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'We Heard Her Name': No-Knock Warrant Bill Signed A Year After Breonna Taylor's Death

AP Photo/Timothy D. Easley

New laws governing the use of no-knock warrants are on the books in the commonwealth, following a signing ceremony at the Kentucky Center for African American Heritage in Louisville.

The death of Breonna Taylor at the hands of Louisville police in 2020 marked a turning point in the racial justice movement, making Kentucky a new focal point in the widespread protests.

"That pain wasn't just felt in Louisville. It was felt in my hometown of Lexington, across the nation, and across the world," Lexington Democratic Sen. Reggie Thomas said at Friday's bill signing, with Taylor's mother, Tamika Palmer, in the audience. "We were asked repeatedly to say her name. I think we heard her name. But I hope with the signing of this legislation today that there will be no other names ever here in Kentucky that we'll have to say or hear again."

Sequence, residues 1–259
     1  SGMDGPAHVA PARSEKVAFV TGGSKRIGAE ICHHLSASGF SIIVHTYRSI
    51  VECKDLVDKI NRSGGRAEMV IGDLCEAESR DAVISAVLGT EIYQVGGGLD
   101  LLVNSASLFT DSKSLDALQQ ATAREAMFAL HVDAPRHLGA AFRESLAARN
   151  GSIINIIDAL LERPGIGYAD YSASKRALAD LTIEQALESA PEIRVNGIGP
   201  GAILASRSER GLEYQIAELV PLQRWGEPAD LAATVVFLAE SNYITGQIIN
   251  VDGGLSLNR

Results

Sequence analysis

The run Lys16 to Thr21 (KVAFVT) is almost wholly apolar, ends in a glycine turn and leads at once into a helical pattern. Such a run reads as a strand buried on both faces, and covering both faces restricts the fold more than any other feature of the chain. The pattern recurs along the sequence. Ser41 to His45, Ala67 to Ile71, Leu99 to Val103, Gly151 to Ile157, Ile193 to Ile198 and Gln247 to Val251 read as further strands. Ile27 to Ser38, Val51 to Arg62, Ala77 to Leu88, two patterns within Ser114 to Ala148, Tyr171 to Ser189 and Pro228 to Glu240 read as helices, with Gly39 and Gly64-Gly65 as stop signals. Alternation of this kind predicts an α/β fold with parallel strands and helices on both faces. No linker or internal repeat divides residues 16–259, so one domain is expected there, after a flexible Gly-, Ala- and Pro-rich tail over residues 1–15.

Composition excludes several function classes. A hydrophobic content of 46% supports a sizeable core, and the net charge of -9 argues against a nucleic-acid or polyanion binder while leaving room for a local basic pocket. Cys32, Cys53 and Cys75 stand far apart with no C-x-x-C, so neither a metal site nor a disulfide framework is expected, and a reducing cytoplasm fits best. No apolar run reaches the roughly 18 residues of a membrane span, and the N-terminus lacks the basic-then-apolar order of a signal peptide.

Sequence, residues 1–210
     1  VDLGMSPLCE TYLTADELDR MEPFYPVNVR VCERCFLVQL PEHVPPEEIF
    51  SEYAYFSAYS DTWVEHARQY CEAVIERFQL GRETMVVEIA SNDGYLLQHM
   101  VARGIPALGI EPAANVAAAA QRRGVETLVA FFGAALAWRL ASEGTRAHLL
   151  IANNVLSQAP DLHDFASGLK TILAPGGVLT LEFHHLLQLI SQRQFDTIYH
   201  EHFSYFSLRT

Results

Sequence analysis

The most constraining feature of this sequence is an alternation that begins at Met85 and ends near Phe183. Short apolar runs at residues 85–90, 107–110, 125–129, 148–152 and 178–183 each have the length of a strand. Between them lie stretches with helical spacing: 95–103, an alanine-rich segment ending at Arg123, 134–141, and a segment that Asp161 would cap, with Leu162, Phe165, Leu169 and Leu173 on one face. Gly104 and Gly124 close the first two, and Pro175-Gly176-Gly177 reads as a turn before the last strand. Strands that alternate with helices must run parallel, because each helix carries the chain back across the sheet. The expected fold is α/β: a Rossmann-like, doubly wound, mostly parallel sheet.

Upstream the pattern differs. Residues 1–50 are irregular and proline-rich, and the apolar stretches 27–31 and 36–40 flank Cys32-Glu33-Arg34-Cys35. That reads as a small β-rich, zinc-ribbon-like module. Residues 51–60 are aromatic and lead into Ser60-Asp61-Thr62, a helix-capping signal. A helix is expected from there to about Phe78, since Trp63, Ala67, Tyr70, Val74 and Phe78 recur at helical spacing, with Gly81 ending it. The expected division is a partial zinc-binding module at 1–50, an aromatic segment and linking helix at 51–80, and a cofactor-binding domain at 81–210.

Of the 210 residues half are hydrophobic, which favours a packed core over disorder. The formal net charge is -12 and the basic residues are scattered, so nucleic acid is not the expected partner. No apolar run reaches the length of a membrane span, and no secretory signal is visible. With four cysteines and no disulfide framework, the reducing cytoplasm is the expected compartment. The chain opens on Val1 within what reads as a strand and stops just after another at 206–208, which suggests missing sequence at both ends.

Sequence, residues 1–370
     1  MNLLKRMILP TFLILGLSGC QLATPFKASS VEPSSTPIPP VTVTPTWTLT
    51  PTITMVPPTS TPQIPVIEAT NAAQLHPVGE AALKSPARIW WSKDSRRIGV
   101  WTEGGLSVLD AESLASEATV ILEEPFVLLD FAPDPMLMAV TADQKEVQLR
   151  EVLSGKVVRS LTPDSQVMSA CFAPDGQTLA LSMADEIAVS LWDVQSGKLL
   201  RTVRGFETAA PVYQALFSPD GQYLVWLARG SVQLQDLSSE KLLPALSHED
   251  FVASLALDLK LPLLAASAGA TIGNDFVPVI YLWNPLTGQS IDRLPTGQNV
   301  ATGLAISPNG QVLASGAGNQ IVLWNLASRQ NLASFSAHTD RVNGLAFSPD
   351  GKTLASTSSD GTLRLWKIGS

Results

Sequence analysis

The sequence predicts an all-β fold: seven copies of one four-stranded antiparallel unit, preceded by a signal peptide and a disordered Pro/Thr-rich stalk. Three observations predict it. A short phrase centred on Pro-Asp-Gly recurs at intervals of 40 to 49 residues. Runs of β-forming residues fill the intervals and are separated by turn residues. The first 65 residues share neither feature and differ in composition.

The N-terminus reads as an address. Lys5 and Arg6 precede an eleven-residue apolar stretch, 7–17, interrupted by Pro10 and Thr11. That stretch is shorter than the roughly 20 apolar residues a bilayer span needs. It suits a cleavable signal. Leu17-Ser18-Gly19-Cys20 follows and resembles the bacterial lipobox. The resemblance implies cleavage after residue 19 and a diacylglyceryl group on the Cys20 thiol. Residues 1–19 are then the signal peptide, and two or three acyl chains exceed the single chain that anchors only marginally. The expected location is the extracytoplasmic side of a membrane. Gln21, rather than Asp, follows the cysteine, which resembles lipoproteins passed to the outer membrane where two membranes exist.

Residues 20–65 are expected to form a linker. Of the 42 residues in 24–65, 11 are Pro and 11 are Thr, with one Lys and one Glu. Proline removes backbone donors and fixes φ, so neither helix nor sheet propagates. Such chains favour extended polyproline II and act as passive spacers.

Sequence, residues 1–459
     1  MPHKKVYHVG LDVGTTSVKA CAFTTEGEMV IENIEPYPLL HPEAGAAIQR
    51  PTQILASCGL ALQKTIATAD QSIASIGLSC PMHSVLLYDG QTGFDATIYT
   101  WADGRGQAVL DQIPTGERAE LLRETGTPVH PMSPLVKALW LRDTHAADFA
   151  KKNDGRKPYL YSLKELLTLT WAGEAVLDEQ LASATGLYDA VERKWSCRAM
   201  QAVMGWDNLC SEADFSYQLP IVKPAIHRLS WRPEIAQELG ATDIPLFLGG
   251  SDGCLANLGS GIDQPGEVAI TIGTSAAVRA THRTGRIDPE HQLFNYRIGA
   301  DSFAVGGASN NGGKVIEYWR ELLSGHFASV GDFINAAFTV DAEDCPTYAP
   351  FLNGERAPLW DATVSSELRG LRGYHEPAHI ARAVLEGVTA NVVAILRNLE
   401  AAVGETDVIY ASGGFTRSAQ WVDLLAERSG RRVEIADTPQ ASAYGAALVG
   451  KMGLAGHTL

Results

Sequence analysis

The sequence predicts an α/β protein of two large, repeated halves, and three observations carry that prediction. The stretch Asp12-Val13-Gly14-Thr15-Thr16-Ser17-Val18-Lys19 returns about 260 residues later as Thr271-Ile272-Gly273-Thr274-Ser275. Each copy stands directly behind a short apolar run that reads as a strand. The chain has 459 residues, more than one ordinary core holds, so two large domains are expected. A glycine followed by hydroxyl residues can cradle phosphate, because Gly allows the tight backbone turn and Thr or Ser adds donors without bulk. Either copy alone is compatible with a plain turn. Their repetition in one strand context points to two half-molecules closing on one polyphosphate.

The bill stops short of a full ban on the type of no-knock warrant involved in the Taylor case, but it creates new steps police must go through to obtain one, including proving that there is "clear and convincing evidence" of a violent crime.

Gov. Andy Beshear signed the no-knock bill alongside other legislation aimed at improving the economic outlook in Louisville's west end and supporting teacher prep programs at historically black colleges.

Josh James fell in love with college radio at Western Kentucky University's student station, New Rock 92 (now Revolution 91.7). After working as a DJ and program director, he knew he wanted to come home to Lexington and try his hand in public radio.
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